When we’re buying musical equipment, price is (more often than not) a factor in our decision. If you’re young, or not particularly affluent, then it can be the absolute key factor. This is understandable. But, as you progress or start looking up the price ranges, you’ll often come to the same conclusion. Buying cheap, while sometimes unavoidable, should be a last resort. Where possible, clearly.
In this context, bargain bin can mean one of few things. It could be gear that the local guitar store has bought by the hundred, stacked up in the middle of its floor, and covered with huge tags showing an absurdly low price.
Or, it could be the outer reaches of your favourite internet auction sites, selling unloved and unwanted gear from some poor sucker who made the mistakes we’re about to outline.
Whatever it is, the bargain bin is good for what it is – a quick fix or experiment – but basing your gear lust on the amps you’ll commonly find in this bracket (we all know the culprits) is unwise.
Allow us to expand. And, before we’re hit with accusations of “well, you would say that”, we can back up our reasoning. Buying amps from the bargain bin is pointless. Here’s why.
The first, and most obvious reason, is quality. We mean the quality of what you’re buying. If it’s in the bargain bin, the chances are that one or more concessions has been made at the manufacturing stage. Or the people who made it cared only about profit margins etc etc.
This could manifest itself in a jack socket that becomes crackly after a week, or a tone that you’d literally pay money never to have to hear again. Whatever it is, somewhere along the line that money you’ve saved will become a monkey on your back. “Wahey! I saved £20! My tone might sound like aural bin juice, but still. £20! Yaaaaay!”
You get the picture. Put simply, if something is in the metaphorical bargain bin, it’s there for a reason.
Unloved and weeded out
Without wanting to bang on about it, guitarists are a unique bunch. We are famous for stockpiling guitars, amps, pedals and other gizmos in a way that non-guitarists find bizarre. Safe to say most of us will have stories about gear we purchased on a whim. If you’re lucky, you strike gold and find a bargain. If not, you’ll end up stuck with a dud.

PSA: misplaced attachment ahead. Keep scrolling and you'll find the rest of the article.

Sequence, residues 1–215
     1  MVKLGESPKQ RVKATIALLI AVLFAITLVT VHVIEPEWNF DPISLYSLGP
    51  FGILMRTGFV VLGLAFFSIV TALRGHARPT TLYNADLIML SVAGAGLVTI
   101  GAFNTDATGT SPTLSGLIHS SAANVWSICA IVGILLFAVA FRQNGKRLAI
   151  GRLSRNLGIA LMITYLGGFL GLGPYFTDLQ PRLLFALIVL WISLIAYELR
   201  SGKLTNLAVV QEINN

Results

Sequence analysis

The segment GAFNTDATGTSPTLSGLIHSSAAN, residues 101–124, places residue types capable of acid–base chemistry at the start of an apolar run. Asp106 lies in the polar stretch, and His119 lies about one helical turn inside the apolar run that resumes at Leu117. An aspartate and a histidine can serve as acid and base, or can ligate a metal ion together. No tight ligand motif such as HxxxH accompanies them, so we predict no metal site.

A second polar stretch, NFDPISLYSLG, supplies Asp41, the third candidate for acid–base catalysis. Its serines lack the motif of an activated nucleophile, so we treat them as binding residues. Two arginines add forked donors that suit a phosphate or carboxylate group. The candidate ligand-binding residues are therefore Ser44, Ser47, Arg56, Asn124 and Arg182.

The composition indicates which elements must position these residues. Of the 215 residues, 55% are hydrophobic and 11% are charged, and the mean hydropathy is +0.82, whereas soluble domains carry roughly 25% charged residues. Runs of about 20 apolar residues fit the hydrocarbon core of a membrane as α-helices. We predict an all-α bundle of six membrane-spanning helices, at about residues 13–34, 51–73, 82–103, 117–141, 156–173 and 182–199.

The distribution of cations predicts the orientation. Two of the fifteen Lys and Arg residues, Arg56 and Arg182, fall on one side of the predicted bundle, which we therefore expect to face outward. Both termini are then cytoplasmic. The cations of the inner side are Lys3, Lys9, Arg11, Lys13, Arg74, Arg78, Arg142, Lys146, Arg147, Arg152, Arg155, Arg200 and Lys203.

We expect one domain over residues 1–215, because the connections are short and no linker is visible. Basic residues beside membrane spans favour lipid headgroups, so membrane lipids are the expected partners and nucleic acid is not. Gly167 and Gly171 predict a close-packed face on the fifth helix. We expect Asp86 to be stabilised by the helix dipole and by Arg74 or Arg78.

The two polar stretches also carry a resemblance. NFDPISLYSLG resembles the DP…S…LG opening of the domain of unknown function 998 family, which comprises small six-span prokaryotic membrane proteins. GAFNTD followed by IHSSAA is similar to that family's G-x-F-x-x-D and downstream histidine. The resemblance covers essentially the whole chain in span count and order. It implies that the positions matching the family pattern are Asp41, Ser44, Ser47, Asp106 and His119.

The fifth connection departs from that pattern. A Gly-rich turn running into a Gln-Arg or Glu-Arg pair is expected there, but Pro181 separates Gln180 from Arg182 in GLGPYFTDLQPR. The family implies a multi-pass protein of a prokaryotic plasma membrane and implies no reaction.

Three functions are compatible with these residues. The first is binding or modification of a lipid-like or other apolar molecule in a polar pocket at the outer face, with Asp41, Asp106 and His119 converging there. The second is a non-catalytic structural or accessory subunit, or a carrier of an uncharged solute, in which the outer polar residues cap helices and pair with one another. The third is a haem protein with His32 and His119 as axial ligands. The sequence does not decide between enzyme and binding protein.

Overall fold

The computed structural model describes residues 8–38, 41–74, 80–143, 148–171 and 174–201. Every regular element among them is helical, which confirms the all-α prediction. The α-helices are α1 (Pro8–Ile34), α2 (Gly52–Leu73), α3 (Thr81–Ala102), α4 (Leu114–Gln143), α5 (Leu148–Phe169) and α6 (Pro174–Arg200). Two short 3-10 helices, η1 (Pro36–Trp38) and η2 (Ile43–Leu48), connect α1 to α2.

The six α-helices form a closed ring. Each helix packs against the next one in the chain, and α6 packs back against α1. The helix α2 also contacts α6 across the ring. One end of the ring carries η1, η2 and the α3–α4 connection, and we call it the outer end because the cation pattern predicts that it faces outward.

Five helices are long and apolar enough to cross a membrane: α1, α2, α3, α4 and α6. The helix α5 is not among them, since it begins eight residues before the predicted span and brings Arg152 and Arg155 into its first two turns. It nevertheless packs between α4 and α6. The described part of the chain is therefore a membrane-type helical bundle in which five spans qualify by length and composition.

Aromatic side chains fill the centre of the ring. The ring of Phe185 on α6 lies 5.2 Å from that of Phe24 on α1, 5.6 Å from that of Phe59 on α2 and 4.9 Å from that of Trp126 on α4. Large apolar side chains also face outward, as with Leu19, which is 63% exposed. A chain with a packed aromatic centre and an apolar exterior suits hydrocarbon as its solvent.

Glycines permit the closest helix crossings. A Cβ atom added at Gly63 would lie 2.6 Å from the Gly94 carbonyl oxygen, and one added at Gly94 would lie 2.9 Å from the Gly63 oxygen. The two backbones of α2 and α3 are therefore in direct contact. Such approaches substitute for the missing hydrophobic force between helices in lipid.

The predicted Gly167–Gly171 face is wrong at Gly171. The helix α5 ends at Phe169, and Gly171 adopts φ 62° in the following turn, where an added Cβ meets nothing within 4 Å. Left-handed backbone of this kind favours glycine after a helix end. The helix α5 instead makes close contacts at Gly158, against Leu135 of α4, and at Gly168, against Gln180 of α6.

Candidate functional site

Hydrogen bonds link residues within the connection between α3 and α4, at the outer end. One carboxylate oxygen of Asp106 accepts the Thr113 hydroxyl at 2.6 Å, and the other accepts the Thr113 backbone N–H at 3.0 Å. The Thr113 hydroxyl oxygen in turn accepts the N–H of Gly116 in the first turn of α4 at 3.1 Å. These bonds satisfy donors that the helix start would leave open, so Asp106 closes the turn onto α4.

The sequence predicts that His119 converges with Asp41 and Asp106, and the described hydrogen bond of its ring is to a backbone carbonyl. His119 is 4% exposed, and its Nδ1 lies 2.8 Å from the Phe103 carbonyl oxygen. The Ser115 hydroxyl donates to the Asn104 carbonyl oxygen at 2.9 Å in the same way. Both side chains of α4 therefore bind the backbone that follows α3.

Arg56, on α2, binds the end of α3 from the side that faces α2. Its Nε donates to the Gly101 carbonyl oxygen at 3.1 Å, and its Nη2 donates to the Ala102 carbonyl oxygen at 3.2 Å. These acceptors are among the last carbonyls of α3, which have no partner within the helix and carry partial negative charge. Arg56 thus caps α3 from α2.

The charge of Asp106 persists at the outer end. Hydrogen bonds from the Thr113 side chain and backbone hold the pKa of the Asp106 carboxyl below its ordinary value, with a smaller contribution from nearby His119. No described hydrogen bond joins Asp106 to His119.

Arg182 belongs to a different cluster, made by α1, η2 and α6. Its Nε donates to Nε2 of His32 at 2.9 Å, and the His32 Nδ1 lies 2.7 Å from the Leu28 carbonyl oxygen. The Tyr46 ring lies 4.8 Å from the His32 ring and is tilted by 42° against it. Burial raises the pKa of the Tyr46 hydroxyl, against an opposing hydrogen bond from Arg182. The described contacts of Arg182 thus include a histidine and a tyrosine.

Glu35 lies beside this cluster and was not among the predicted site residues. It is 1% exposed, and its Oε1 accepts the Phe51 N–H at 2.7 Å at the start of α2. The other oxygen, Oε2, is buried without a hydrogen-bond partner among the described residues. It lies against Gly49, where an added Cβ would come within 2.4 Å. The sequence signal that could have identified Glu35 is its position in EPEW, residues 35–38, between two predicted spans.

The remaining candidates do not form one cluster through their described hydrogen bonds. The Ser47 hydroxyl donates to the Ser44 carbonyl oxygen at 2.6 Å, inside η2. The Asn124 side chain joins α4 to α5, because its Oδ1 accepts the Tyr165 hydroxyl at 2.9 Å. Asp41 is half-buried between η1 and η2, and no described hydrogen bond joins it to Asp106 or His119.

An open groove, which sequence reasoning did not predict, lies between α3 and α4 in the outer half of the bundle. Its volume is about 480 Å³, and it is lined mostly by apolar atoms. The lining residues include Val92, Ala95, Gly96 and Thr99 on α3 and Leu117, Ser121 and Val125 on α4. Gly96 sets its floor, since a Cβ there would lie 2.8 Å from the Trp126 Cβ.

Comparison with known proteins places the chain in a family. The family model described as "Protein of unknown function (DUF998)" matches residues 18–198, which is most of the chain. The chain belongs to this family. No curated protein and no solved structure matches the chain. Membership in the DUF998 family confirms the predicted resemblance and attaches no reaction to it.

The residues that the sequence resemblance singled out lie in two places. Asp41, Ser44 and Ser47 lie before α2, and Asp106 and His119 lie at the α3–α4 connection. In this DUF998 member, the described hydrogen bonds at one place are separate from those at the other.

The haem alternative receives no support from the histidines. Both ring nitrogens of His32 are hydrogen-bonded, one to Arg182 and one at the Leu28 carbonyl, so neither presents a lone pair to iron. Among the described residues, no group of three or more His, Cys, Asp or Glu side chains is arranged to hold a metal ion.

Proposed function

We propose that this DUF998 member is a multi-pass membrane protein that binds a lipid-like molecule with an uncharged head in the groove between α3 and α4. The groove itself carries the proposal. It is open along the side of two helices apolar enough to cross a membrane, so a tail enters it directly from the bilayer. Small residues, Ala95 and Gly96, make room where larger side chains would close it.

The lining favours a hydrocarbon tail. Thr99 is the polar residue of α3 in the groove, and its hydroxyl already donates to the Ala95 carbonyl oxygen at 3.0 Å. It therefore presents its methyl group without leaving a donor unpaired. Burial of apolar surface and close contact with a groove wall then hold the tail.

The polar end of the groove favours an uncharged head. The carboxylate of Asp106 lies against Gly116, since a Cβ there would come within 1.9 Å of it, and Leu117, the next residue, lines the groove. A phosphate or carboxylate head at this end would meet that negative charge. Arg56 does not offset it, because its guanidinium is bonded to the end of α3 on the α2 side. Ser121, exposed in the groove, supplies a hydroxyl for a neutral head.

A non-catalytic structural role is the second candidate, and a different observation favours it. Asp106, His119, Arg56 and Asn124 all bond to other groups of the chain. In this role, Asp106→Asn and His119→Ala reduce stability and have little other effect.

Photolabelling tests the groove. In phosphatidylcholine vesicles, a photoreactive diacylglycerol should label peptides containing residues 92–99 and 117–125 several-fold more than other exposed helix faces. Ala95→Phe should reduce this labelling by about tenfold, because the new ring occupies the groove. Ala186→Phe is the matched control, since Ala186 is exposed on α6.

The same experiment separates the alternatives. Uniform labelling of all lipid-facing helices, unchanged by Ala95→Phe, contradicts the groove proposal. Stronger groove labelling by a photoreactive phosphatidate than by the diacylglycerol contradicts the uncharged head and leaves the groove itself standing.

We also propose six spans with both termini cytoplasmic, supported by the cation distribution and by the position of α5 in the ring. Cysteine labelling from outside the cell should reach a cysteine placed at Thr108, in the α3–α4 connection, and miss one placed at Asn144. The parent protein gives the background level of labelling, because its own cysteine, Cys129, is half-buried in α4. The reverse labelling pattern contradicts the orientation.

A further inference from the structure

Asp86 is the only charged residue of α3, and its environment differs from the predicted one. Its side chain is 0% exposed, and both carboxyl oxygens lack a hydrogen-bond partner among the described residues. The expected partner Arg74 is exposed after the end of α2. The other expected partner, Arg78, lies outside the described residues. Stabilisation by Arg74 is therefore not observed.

Chances are, most of these duds end up for sale on internet auction sites or guitar forum classified sections. So, if your search/budget/hunt leads you this way, look out for certain giveaway signs.
This could be an immaculate looking product, only a few weeks old, at significantly lower than the RRP. Or it could be that perennial favourite, “never gigged” in the description. These are clear signs that someone bought something and then found something fundamental about it that they don’t like, or didn’t live up to their expectations. Learn from their lessons.
Think long term
If price, and price alone, is the deciding factor, rest assured we feel your pain. With the best will in the world, a budget will only stretch as far as it can before problems arise.
If that’s the case, you have to make every penny count. You may however be aware of the term ‘false economy’. If so, you’ll understand its basic principle. If you buy cheap, you’ll end up buying twice. Because cheap rarely equals value, in the long term.
The next big thing
Our final point touches once again on the guitarist-specific psychological condition we know as GAS.
If you’re anything like us, you’ll have doubtless frustrated partners, families, friends and bandmates by getting a new piece of gear, and then within a short space of time be thinking about what your next conquest is.
This is normal, relax. However, what we would ay from experience is that buying cheap/budget/poor quality gear only heightens the anticipation of what’s next. At least when you buy something decent, you can kick back and relax knowing you’ve got the gear you really want/need/deserve. If you buy rubbish, your acquisition spidey-senses will be tingling in no time at all.
Do your loved ones a favour. Buy something proper. They’ll thank you for it in the long run.